It’s surprisingly hard to find an image of an early medeval sword when you want one, and when you do it’s always a Viking one. This is a late eleventh-century one found near Schleswig. For the Museu d’Art Nacional de Catalunya’s Cataluña Carolíngia exhibition of 1999 they had to borrow one from Paderborn. I don’t mean to try and use that fact as part of the argument but nonetheless I think swords were not common here before 1000.

By way of exploring this further, I then acted like the Anglo-Saxonist I was supposed to be in that rôle and went through wills looking for weapons. Who, if anyone, held the sword in early medieval Catalonia? And the answer seemed to be, again, that while the part of evidentiary silence is always hard to assess, very few people can be shown owning swords, and they were all top-rank castellans or churchmen, these often providing their dependents with weaponry in their wills but not usually swords, of which even they had at most two. Lances and hauberks show up a little bit more often, but not much, and still in the hands of people who also bequeathed quite substantial estates. (Though one of the bishops, Guisad II of Urgell, bequeathed a spata ignea and if anyone has any ideas what that might have been, I’d love to hear them…)

Your humble correspondent, standing in the doorway of the Castell de Tona in 2007

Your humble correspondent, standing in the doorway of the Castell de Tona in 2007. I am not a big man, and that is really not a big ‘castle’.

Lastly I looked at fortifications, because this is after all a country probably named after castellans, and there are certainly a few of those. But, especially if you’re looking for the few that remain from the tenth century, they are firstly not very big, and secondly usually extremely far up sharply pointy hills. If you remember my efforts to climb up to Gurb, you may also remember my wondering how its owners could ever have got horses up there. But if they had, there’d have been hardly any room in which to stable them. And with no horses it would take you two hours or so to reach even the nearest settlement, and far longer the nearest road. Gurb was not placed to control a routeway. I think all of these places were probably more watch-towers and refuges than any kind of offensive base. So where does this all lead us? I give you the conclusion:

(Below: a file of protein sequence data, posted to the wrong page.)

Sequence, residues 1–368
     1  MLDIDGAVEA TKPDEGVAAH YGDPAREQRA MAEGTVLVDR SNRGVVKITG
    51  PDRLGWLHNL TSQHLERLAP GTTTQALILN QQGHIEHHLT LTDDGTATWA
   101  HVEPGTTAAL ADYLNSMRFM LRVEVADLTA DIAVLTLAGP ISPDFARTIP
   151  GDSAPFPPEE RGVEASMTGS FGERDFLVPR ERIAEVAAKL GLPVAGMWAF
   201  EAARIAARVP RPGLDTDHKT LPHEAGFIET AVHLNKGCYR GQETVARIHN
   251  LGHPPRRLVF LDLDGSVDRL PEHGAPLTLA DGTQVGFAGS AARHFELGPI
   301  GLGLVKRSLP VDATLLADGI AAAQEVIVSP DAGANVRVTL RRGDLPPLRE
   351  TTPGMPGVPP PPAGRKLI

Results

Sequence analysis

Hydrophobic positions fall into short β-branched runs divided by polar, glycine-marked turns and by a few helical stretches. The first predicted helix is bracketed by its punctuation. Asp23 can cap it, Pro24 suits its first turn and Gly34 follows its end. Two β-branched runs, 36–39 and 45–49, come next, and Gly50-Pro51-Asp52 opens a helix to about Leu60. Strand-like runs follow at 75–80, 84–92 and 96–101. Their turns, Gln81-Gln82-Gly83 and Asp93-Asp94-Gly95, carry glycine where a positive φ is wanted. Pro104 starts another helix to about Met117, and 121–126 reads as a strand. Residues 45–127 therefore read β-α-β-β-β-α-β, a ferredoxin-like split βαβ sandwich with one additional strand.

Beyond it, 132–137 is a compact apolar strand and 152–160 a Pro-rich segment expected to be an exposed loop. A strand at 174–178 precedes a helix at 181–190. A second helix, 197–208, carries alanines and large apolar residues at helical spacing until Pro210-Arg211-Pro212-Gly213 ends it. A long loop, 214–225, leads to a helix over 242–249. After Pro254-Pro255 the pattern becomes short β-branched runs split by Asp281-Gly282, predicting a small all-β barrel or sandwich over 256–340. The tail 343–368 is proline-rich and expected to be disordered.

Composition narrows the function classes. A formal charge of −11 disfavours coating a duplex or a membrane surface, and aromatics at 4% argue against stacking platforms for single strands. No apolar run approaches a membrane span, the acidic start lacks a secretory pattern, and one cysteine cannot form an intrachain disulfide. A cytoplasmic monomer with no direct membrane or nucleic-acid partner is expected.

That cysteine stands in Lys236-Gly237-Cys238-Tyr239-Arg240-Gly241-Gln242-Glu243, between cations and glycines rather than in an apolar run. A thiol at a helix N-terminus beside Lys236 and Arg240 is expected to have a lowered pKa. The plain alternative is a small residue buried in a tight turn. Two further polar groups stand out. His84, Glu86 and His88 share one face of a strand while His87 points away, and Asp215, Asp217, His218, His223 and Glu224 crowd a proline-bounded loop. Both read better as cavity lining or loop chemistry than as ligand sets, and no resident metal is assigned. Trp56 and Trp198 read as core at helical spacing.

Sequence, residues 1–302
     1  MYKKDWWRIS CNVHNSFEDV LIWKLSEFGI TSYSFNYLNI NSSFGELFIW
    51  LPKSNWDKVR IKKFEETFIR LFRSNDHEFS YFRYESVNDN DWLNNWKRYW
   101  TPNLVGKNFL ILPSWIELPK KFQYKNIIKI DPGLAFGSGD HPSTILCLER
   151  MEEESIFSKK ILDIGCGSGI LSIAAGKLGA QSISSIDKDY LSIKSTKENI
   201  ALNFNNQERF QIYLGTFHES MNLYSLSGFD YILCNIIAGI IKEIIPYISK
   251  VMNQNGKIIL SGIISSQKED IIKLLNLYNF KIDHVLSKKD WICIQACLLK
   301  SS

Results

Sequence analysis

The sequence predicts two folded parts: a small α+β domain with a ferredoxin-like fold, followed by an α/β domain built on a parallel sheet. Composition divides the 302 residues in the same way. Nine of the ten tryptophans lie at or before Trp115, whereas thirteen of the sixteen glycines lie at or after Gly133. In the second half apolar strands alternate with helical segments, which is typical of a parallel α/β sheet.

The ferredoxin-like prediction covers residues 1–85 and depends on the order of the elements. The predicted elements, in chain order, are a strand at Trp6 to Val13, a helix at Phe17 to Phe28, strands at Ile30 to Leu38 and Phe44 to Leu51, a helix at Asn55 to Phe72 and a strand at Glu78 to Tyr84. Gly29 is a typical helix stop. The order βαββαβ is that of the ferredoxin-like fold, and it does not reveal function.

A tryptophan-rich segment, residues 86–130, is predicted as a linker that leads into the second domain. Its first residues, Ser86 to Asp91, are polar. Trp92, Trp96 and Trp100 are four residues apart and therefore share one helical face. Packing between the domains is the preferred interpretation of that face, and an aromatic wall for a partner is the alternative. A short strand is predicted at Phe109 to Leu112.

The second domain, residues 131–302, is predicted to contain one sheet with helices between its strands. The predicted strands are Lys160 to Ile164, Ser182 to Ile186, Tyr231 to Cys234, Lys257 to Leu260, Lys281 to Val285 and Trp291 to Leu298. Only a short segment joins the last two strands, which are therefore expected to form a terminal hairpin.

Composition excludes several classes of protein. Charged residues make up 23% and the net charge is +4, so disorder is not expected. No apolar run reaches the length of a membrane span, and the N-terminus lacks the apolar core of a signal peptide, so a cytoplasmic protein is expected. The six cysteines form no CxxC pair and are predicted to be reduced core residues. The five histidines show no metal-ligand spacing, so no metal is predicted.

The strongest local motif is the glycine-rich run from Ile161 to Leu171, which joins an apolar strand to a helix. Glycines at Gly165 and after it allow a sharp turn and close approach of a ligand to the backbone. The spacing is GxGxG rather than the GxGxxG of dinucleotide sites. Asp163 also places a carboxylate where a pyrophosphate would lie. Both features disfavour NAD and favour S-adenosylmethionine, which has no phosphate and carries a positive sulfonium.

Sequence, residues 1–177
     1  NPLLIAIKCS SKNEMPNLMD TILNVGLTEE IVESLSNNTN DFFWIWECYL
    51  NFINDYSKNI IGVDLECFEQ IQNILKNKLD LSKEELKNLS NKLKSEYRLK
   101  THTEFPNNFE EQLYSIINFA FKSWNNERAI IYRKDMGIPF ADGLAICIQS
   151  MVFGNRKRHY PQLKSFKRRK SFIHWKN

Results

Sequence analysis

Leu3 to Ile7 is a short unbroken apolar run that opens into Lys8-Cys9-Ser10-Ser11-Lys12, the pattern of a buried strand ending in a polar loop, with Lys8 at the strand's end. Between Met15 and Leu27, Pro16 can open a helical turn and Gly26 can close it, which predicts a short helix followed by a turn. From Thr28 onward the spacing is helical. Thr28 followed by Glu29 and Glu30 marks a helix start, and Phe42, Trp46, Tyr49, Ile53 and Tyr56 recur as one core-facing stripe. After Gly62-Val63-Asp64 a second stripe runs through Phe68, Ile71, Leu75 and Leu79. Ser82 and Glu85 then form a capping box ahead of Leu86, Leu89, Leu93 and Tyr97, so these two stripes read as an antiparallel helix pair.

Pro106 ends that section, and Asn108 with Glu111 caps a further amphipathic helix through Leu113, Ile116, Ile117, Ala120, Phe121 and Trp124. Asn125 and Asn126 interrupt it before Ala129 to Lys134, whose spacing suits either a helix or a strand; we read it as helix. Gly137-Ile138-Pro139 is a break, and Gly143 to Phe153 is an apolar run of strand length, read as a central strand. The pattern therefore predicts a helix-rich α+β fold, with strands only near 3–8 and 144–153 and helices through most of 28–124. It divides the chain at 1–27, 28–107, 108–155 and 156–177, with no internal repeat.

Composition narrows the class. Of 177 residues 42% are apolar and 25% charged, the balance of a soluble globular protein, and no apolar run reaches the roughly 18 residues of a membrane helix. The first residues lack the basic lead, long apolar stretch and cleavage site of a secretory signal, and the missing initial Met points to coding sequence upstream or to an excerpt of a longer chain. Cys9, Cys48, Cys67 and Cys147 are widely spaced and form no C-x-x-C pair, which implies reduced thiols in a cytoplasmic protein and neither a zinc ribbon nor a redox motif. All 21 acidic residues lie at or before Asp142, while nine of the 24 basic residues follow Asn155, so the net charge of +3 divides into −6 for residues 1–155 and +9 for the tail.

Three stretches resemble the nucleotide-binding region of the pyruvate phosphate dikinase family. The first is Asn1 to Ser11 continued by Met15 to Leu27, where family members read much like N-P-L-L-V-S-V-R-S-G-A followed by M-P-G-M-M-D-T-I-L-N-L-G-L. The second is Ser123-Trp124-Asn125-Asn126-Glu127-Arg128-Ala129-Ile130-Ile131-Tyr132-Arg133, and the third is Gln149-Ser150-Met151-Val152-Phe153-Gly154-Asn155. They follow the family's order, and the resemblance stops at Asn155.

This would obviously change. Bonnassie’s picture of an eleventh century busy with cabalarii selling horses and weapons is well-evidenced and helps explain how there could emerge from the sack of Barcelona a polity capable of raiding Córdoba in opposition to Castilian troops and the best armies left to al-Andalus. There is very little evidence of the class of mounted knightly warriors who would make this possible before the year 1000, however; neither is there really any evidence of the relict militarised peasantry supposed to precede it, nor even normative reasons to expect one beyond the 840s. In between these two points we seem, as far as the evidence can carry us, to have a much less militarised society. This in turn implies that the rise of violence and feudalised warfare was indeed sudden and thorough, that the transformation was in this respect real. It was perhaps the new possibilities created by the collapse of the caliphate that made this large-scale militarisation possible, and it may be that by equipping to exploit them the counts gave power to a dynamic they could not, eventually, control. But whether this be so or not, it was not a tenth-century development. Frontier or not, tenth-century Catalonia briefly became a military backwater, or so the evidence and its lack suggest. Military service was possibly still general but extremely occasional, and might often have amounted to no more than a few days’ standing guard on a fighting top high above any potential action. The more normally beweaponed whom we can see seem more like thugs and their bosses, dependants rather than honourable servicemen, but even these are few. This is not what we have been taught to expect from this area and time, but what we have been taught to expect seems not in fact to have very much foundation in the actual surviving evidence, inappropriate though that evidence perhaps be for such questions. The conclusions that can be based on the evidence here, therefore, deserve testing against other areas whence the models that fail here were derived.

* Since this is intended for publication, and even now inches towards submission, I won’t give full references here, but rest assured I do have them and some day soon I hope you can enjoy them…